Bailout shift sinks stocks

Hamilton is a Times staff writer.

More glum news on consumer spending and a reversal in the Treasury Department's plan to buy troubled mortgage-related debt from the country's banks combined to drive the stock market to its third straight loss Wednesday.

The Dow Jones industrial average sank more than 400 points as it and other major stock indexes fell about 5% to near or below their Oct. 27 lows, which investors had hoped would serve as a floor under stock prices.

Oil prices continued their long slide, closing in on the $55 level, in response to the bleak global economic outlook. But that piece of good news for consumers failed to console investors rattled by an ominously worded warning from electronics giant Best Buy Co., which said a "seismic" drop in consumer spending had created "the most difficult climate we've ever seen."

The bluntly downbeat earnings forecast from the leading electronics retailer followed a recent wave of bad news from other consumer-oriented companies such as Starbucks Corp., MasterCard Inc. and major automakers.

The gloomy reports have highlighted the degree to which a precipitous decline in consumer spending, which has accounted for more than two-thirds of U.S. economic activity, is imperiling the economy.

"The signs continue to point to a slowing economy," said Fred Dickson, chief market strategist at D.A. Davidson & Co. in Lake Oswego, Ore. "Best Buy was the punctuation mark at the end of a long stick that said, 'This is real.' "

The Dow sank 411.30 points, or 4.7%, to 8,282.66. The blue-chip indicator is just 100 points above its Oct. 27 close of 8,175.77, its lowest level in 5 1/2 years.

The Standard & Poor's 500 index fell 46.65 points, or 5.2%, to 852.30. It is barely three points above its recent low.

The Nasdaq composite index hit a new trough, slumping 81.69 points, or 5.2%, to 1,499.21.

On the New York Stock Exchange, only one stock rose for every 11 that fell.

General Motors was the only stock that gained among the Dow's 30 components as congressional Democrats drafted legislation to send rescue funds to Detroit's automakers. GM rose 16 cents to $3.08, while Ford Motor gained 4 cents to $1.84.

The financial sector was beaten down after Treasury Secretary Henry M. Paulson said his department was ditching its plan to purchase troubled assets from banks -- the centerpiece of the government's original $700-billion bailout plan -- in favor of injecting capital directly into financial institutions.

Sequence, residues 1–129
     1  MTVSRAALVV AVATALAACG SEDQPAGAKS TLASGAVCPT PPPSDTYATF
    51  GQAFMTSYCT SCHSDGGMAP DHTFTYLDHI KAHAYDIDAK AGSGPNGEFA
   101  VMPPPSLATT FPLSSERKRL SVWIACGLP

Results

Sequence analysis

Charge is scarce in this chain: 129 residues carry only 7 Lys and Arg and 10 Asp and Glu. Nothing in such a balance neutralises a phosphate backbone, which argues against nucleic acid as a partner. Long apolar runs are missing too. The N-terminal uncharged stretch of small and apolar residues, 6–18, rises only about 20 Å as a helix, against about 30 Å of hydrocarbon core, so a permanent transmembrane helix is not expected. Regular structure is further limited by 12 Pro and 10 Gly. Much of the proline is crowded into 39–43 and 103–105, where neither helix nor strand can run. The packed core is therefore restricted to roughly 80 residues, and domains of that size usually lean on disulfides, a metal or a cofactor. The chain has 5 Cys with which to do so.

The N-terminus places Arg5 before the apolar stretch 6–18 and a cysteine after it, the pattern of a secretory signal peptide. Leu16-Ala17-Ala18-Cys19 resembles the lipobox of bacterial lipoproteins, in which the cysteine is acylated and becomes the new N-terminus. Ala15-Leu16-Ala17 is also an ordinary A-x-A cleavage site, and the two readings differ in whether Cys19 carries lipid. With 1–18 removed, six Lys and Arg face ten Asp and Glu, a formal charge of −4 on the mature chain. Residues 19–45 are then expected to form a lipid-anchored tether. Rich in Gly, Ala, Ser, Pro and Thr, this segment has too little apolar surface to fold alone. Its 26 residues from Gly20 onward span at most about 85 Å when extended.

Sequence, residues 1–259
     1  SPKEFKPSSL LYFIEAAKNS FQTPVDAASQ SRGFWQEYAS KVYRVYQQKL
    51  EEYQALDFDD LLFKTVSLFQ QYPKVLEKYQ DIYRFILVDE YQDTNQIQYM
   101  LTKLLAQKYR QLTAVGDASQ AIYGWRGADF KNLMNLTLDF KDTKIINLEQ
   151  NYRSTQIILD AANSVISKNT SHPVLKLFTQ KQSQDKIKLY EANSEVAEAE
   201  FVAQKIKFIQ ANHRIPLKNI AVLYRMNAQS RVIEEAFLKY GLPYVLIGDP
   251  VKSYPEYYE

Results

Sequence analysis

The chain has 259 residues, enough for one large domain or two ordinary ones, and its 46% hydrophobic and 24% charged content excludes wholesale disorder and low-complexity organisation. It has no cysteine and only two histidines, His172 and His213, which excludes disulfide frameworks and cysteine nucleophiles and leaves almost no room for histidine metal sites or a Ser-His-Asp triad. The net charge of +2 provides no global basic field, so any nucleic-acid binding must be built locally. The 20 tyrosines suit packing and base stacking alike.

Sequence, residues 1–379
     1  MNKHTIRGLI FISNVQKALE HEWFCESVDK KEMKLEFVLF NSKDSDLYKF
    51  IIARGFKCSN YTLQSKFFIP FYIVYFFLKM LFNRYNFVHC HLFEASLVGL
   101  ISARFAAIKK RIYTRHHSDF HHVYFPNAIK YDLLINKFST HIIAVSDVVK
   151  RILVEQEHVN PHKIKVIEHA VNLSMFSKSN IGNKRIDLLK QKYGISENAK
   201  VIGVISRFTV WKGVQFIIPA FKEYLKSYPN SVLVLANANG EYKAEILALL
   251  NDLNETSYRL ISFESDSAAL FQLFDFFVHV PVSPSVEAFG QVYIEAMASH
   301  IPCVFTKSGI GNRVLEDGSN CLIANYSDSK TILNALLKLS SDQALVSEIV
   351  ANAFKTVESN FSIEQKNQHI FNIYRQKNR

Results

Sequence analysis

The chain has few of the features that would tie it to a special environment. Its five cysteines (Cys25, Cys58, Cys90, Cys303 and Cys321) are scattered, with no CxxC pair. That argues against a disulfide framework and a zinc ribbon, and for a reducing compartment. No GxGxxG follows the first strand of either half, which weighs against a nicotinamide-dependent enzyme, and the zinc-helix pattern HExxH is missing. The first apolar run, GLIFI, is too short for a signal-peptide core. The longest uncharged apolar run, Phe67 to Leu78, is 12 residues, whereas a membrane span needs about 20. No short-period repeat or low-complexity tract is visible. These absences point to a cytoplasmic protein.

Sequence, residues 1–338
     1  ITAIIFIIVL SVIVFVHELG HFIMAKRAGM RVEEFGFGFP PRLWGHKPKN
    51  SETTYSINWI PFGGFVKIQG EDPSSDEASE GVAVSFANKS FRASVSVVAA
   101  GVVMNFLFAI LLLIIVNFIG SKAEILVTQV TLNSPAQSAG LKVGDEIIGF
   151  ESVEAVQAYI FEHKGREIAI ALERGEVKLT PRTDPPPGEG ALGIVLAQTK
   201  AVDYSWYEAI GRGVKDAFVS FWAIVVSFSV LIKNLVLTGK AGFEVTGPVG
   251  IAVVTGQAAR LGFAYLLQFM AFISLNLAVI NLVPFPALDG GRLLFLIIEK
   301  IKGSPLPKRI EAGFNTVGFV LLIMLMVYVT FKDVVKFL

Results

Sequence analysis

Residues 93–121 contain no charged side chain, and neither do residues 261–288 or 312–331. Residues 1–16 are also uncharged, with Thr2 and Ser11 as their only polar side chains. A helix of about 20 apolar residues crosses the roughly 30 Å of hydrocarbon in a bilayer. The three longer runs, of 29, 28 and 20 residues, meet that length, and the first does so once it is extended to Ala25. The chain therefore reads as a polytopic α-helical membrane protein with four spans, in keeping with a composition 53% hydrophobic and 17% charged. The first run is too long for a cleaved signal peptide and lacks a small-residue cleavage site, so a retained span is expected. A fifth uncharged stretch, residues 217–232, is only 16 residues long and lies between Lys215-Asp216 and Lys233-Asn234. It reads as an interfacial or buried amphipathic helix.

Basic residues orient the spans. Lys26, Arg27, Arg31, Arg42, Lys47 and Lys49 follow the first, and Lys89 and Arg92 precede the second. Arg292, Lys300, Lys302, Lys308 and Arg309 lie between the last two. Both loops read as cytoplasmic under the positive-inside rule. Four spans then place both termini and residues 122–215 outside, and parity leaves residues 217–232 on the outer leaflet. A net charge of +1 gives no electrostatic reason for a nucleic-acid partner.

Although investors had welcomed the capital infusions, they were disappointed that the government would not be taking billions of dollars in toxic assets off bank balance sheets.

An index of financial stocks in the S&P; 500 tumbled 6.9% to a fresh 12-year low. Shares of Morgan Stanley slumped 15%, while Citigroup and Goldman Sachs Group each lost 11%. Bank of America dropped 9% and Wells Fargo fell 5.2%.

The value of bonds backed by subprime mortgages sank to new lows after Paulson's announcement, based on an index of so-called swaps tied to such bonds. The index's level suggests that the bonds, originally rated AAA, would fetch 42 cents on the dollar.

Energy shares sank 7.2%, more than any other broad industry group in the S&P; 500, after oil futures slid $3.17 to $56.16 a barrel. Crude is down more than 60% from its record high set in July.

On the retail front, the warning from Best Buy spooked investors because it reinforced a growing realization that consumers are stepping back from purchases of big-ticket items such as computers, furniture, vacations and automobiles.

The Richfield, Minn., company said sales at stores open at least a year might drop as much as 15% in the four-month period that began Nov. 1 compared with a year earlier.

The forecast came two days after rival Circuit City Stores Inc. filed for bankruptcy protection.

Best Buy's stock fell 8%. An S&P; index of shares in big companies that sell discretionary goods to consumers lost 5.7%.

Investors in retail stocks are increasingly worried about the all-important holiday shopping season, with some analysts predicting that sales might fall from last year.

Shares of Macy's tumbled 11% after the department store chain said a 7% drop in sales resulted in a third-quarter loss. The company said the holiday season would be a "nail-biter."

Consumers are pulling back on spending as they -- voluntarily or involuntarily -- reduce their use of consumer loans, home equity lines of credit, car loans and credit cards, said Stephen Wood, a senior portfolio strategist at Russell Investments in New York. The trend resembles moves by investment banks and hedge funds to cut back on borrowing.

"Now you're seeing consumers deleveraging," he said, "and it isn't going to take just a couple of months."

In other market highlights:

* Google fell 6.6% to $291, dropping below $300 for the first time in three years, after analysts cut estimates of the Web giant's fourth-quarter earnings.

* Yields on government debt fell as investors sought the safety of Treasury securities. The three-month T-bill's yield fell to 0.14% from 0.22% late Monday, and the yield on the benchmark 10-year T-note fell to 3.66% from 3.75%.

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Times wire services were used in compiling this report.

walter.hamilton@latimes.com

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